"I can't wait" in Italian is "Non vedo l'ora"
"I can’t wait" is possibly one of those things that students ask to learn in the first few hours of an Italian course. So, forget grammar and rules - I wanna know how to say this now. Because you just can’t wait to go to Italy, you can’t wait to visit Florence and, most certainly, you can’t wait to taste Italian food.
In Italian, we say non vedo l'ora, pronounced /non veh-doh loh-rah/
Let’s see what non vedo l’ora means and how it is constructed. It's a cool expression, I promise.
Non vedo - I can’t see ('vedo' from the first person of the verb 'vedere', to see)
l’ora - the hour, the time
The expression literally means I can’t see the hour, I can’t see the time.
Oookkkey, why? Where does this expression come from?
To get the idea behind this well cemented and certainly popular Italian expression (we say it at least once a day), think of becoming so entrenched with the idea of going to Italy that you are no longer in the present but focused only on the future. However with such a distant future, you might not be able to see that 'hour' because it's in the future. It speaks of impatience and strong desire that blinds.
Sounds almost dramatic and suitable for a theatre performance, doesn’t it?
Another possible explanation of this interesting expression is the fact that I just can’t see one hour between this moment and the moment I land in Italy, but rather I see million of hours! (sad face) Again stressing how impatient we are and how strong that desire is.
The exact origin of this expression and who created it is not clear cut, but you get the idea.
You can certainly use non vedo l'ora (I can’t wait) as a stand alone expression. Provided we all know what you are referring to. The context will help us here.
However, if you need to be more specific and tell us what you are looking forward to, then you might need to add a little bit more. And this is how you do it:
Non vedo l’ora + di + infinitive mode of the verb
Non vedo l’ora DI ANDARE in Italia /non veh-doh loh-rah dee an-dah-reh een ee-tah-lee-ah/- I can’t wait to go to Italy
Use this when you are both the person desiring and the person doing the action of going to Italy (lucky you!)
However, if you wish for your child to get married and leave home, then the construction becomes:
Non vedo l’ora + che + subjunctive mode of the verb
You are desiring but someone else is doing the action or at least you are hoping they do that action. We need to use the subjunctive instead of the infinitive because you are expressing a wish that someone else would do something.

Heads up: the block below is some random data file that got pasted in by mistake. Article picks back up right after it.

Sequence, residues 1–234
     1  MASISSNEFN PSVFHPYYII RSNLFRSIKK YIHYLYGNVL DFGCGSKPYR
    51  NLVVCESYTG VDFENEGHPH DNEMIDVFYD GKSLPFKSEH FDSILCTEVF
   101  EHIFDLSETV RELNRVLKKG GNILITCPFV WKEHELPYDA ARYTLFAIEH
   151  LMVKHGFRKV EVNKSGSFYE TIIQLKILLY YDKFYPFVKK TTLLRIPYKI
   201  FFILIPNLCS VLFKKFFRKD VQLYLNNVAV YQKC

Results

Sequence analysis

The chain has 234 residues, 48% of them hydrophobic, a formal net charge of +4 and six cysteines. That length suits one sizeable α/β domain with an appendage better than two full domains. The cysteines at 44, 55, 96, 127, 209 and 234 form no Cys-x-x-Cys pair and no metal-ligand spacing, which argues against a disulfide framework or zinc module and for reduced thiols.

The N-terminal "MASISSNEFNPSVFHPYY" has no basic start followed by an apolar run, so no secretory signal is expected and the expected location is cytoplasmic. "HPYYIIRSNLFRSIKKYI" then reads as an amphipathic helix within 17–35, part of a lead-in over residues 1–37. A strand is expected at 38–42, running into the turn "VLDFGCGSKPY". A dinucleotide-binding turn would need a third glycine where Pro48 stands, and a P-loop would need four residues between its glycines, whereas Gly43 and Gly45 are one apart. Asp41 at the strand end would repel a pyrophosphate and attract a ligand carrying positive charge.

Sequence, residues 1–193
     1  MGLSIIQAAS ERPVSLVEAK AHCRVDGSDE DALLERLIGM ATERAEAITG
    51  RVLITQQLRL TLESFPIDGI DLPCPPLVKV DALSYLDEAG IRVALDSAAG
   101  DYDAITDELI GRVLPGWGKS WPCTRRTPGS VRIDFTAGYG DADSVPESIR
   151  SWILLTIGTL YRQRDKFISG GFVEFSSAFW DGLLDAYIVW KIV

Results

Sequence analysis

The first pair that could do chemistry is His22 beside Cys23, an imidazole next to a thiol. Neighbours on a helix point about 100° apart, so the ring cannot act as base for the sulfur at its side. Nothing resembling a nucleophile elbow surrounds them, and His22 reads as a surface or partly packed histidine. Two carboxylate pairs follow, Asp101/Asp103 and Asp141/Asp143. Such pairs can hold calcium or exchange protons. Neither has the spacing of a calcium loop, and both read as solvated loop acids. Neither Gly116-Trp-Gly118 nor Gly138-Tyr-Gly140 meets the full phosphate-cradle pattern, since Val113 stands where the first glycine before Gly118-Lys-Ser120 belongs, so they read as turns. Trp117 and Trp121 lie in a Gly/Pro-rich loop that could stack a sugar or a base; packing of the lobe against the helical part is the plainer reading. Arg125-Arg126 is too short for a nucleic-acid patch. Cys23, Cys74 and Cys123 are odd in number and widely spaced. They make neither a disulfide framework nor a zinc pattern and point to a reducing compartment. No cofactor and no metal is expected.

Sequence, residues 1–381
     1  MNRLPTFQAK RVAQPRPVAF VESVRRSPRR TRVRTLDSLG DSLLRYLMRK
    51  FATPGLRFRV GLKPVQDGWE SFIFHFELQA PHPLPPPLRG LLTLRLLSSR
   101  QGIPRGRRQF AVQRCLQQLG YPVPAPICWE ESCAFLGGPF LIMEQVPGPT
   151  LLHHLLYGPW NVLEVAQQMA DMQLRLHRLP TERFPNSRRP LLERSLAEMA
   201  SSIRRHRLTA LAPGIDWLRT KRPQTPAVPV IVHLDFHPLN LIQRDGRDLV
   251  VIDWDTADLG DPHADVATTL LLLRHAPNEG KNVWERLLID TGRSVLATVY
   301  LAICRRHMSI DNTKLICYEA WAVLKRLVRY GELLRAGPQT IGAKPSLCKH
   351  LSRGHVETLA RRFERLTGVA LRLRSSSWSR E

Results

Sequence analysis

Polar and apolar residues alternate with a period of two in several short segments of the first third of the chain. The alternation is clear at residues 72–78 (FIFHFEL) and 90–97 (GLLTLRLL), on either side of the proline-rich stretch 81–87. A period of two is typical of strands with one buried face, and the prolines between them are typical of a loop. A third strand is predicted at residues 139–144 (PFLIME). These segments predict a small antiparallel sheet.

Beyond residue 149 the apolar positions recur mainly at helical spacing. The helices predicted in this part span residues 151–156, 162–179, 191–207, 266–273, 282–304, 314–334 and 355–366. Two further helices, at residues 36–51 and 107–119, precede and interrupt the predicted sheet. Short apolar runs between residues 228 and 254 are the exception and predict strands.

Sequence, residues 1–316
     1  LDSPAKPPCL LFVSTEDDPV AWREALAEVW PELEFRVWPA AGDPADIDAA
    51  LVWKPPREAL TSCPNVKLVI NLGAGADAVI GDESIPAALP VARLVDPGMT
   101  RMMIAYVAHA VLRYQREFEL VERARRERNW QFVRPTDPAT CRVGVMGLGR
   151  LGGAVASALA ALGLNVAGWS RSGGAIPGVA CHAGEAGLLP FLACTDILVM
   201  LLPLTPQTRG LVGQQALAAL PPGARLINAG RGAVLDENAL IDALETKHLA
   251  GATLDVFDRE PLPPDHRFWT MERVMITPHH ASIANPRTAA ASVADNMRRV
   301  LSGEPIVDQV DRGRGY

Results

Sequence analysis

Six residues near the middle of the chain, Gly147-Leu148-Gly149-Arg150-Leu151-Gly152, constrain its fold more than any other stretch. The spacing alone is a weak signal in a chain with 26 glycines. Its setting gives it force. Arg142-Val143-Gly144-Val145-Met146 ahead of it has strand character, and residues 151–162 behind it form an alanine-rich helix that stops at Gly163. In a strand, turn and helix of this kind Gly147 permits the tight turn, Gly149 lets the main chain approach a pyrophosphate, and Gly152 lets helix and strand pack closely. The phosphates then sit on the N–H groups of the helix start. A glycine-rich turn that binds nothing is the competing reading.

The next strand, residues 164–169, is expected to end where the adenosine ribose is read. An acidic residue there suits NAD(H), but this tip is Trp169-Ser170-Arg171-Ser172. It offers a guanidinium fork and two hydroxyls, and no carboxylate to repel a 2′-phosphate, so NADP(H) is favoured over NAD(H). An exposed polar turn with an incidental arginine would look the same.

Non vedo l’ora CHE MIA FIGLIA SI SPOSI - /non veh-doh loh-rah keh mee-ah fee-llee-ah see spoh-zee/ - I can’t wait for my daughter to get married
Non vedo l’ora - I can’t wait
Che mia figlia - for my daughter to
Si sposi - get married
Have a go!
Try and work out whether to use infinitive or subjunctive, then have a go at translating them into Italian. Don’t worry I have solutions for you at the end of this post.
I can’t wait to go in a gondola
I can’t wait for you to come to my place
I can’t wait to eat something
I can’t wait for my sister to get her licence
I can’t wait for the rain to stop
I can’t wait to come to your place
I can’t wait to lose weight
I can’t wait to taste the pasta
I can’t wait for Christmas to come
Non vedo l’ora di andare in gondola (infinitive) - I can’t wait to go in a gondola
Non vedo l’ora che tu venga a casa mia (subjunctive) - I can’t wait for you to come to my place
Non vedo l’ora di mangiare qualcosa (infinitive)- I can’t wait to eat something
Non vedo l’ora che mia sorella faccia la patente (subjunctive) - I can’t wait for my sister to get her licence
Non vedo l’ora che smetta di piovere (subjunctive) - I can’t wait for the rain to stop
Non vedo l’ora di venire a casa tua (infinitive) - I can’t wait to come to your place
Non vedo l’ora di dimagrire (infinitive) - I can’t wait to lose weight
Non vedo l’ora di assaggiare la pasta (infinitive)- I can’t wait to taste the pasta
Non vedo l’ora che arrivi Natale (subjunctive) - I can’t wait for Christmas to come.
Contact me if you are still feeling confused or just to share how much you love this expression!